Evolutionary psychology is a complex and, um, evolving endeavour. And it is often misunderstood, not only by its critics, but also often by its proponents and practitioners. So I present the first in a series of ‘evolutionary psychology myths’, not to debunk EP, but to dissolve some of the myths – some of the straw men – that are hoisted by opponents and assaulted with wasted vigour.
The first fallacy is that evolutionary psychology implies that human nature is somehow universal; that many, if not all, of our evolved characteristics are shared by all humanity.
There are some high profile evolutionary psychologists who have implied just this. Take this excerpt from a paper 2005 by none other than EP’s dynamic duo, John Tooby and Leda Cosmides:
The long-term scientific goal toward which evolutionary psychologists are working is the mapping of our universal human nature. By this, we mean the construction of a set of empirically validated, high-resolution models of the evolved mechanisms that collectively constitute universal human nature.
Cosmides and Tooby have stated a similar position several times – that their research is not interested in human differences, but human universals. That’s all good and well, but it doesn’t mean Cosmides and Tooby – and many other evolutionary psychologists – don’t believe there are evolved differences in human nature. It’s just that the focus of their study is human universals.
However, sadly, this position can give a misleading impression that evolutionary psychology is only concerned with human universals – or even more extreme, that the only aspects of our psychology that have evolved are shared by all humans. That’s not the case.
In fact, if evolution has influenced our minds – and I’m inclined to agree with evolutionary psychologists that it has – then we would not expect evolution to furnish us all with the same psychology – the same personalities, intuitions, heuristics etc. In fact – and in keeping with our understanding of evolution and its impact on biology at large – we would expect it to lend us a diversity of psychological features.
This is for the simple reason that many of the problems that evolution has sought to solve don’t have one single answer, whether it’s the best way to find food or a mate, or how to interact with other members of your species. An individual organism’s strategy is dependent on their environment, which can fluctuate wildly, and even more important, on the strategies employed by other organisms.
As such – especially given our complex social nature and the convoluted problems that emerge from that – we would fully expect that evolution would endow us with a range of strategies for solving these problems. As such, evolution suggest psychological diversity, not psychological uniformity.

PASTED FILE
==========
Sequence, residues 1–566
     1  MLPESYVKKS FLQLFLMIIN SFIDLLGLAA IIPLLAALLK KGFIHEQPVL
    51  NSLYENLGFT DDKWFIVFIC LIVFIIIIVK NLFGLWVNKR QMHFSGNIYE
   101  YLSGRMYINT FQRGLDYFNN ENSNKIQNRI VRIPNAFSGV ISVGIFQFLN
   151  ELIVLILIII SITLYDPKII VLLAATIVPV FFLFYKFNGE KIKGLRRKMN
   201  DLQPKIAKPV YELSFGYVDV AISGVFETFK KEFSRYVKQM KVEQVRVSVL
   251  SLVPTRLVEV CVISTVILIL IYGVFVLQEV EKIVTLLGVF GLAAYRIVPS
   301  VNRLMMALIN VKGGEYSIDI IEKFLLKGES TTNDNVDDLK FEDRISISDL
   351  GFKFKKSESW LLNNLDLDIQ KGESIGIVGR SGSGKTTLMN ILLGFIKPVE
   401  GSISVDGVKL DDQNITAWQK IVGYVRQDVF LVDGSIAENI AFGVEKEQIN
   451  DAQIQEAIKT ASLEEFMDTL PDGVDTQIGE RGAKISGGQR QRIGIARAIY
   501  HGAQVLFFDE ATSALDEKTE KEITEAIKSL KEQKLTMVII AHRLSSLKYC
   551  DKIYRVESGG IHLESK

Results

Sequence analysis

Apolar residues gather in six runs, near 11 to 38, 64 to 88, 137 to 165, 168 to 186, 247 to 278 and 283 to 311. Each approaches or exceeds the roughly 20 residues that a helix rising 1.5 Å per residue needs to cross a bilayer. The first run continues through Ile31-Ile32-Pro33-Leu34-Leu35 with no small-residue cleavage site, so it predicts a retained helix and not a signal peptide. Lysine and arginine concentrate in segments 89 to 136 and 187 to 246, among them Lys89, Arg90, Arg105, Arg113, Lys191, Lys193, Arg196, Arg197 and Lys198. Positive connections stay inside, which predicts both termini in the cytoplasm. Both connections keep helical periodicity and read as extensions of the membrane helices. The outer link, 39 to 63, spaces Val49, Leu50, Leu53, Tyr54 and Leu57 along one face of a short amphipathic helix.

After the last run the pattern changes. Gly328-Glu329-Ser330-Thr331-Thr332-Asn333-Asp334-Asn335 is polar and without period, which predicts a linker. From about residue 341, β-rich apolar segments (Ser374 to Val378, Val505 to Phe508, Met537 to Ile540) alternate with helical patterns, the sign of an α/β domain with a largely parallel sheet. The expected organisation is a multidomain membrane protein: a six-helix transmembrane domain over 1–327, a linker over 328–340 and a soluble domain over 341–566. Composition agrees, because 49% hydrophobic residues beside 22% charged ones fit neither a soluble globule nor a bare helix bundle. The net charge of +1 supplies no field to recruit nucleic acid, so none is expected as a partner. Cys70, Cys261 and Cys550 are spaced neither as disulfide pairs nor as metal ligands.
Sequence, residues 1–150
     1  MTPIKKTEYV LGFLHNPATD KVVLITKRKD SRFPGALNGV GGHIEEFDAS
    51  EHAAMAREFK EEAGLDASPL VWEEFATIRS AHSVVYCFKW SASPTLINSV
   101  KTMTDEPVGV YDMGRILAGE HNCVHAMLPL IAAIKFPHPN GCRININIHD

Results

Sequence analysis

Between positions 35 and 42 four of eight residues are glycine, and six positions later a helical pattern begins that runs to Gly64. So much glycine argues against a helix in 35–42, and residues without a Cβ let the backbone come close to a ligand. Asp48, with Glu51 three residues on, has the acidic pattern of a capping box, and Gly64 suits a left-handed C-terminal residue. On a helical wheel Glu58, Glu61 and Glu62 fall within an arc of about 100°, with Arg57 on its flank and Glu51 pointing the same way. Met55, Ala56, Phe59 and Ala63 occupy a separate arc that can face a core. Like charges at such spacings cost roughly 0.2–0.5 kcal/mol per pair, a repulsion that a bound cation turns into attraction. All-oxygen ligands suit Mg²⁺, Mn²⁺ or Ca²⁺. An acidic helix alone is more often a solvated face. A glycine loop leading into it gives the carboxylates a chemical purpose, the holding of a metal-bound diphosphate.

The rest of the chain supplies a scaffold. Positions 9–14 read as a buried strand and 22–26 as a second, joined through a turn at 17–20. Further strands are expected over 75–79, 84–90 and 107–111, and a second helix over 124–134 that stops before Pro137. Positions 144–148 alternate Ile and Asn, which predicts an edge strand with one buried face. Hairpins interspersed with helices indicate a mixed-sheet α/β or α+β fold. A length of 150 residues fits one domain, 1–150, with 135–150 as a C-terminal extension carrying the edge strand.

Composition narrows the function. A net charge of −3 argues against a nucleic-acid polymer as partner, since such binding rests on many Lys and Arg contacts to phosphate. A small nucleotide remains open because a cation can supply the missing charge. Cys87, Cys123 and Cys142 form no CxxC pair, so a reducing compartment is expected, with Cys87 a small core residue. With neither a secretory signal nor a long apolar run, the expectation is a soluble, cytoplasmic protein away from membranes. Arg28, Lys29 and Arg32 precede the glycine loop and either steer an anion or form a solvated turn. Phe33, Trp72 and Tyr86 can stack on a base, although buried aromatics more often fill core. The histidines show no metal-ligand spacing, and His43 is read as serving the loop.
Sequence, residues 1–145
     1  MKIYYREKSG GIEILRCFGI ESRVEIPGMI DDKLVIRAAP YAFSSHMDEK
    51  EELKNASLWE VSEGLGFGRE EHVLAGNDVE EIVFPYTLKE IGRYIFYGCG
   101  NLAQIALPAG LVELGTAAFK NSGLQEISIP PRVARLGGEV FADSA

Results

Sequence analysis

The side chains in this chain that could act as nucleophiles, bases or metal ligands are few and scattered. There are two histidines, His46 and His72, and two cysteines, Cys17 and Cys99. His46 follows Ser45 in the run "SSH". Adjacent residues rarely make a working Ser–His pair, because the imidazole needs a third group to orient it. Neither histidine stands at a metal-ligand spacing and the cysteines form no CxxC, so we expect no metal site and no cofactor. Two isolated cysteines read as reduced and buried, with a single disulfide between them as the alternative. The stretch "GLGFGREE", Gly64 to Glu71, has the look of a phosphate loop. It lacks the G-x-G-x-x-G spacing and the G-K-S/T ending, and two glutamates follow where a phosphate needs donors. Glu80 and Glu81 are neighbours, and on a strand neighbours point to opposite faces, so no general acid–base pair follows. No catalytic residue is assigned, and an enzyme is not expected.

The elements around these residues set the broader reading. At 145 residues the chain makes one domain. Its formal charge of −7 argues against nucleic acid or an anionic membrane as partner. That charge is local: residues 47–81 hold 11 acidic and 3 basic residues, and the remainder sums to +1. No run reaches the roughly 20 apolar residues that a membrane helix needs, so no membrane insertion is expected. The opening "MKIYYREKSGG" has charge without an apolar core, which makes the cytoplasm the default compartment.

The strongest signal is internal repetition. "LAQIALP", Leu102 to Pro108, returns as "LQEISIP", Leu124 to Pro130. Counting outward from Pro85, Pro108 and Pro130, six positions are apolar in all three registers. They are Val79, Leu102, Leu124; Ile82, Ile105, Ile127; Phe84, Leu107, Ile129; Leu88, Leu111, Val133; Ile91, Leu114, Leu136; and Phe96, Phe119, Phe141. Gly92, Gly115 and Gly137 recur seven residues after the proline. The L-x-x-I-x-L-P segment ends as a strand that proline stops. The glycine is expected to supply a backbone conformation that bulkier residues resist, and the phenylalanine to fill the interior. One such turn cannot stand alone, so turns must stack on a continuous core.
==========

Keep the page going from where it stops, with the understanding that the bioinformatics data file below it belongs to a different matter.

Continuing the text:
This manifests in two main ways: the first is in our problem solving modules (although I’m wary of that term ‘module’ – it may not be a discrete unit unto itself), such as a facial recognition module or our moral emotions; the other is that other evolved faculty for abstract reasoning.
This notion of evolved psychological diversity is central to my own thesis on evolution and morality. Far from evolution advocating any one particular value system or political ideology, it equips us to develop a vast plurality of values and thus ideologies to give us a wide range of responses and solutions to the problems we’ve faced in our evolutionary past. This is the idea I call Moral Diversity – a kind of moral semi-pluralism.
At the base level is the problem trying to be solved, which in the case of morality is: ‘how do you get a bunch of unrelated individuals to live and cooperate together for mutual benefit without them defecting on each other and ruining the whole venture?’
There is no one solution to this problem; there are many. And some solutions are better than others in different circumstances. Sometimes it pays to be open, trusting and highly cooperative. Sometimes that strategy leaves you open to defection. Sometimes it pays to be closed, suspicious and only cooperative with your immediate family or local community. Sometimes that approach means you miss out on potentially lucrative cooperative ventures with outsiders.
As such, evolution has furnished us with faculties, heuristics, intuitions etc that respond in different ways to the environment to produce a diversity of responses.
So, far from an evolutionary perspective on morality suggesting that ‘if it’s evolved, it’s universal’, it suggests that ‘if it’s evolved, it’s diverse’. That’s one straw man down – many left to go…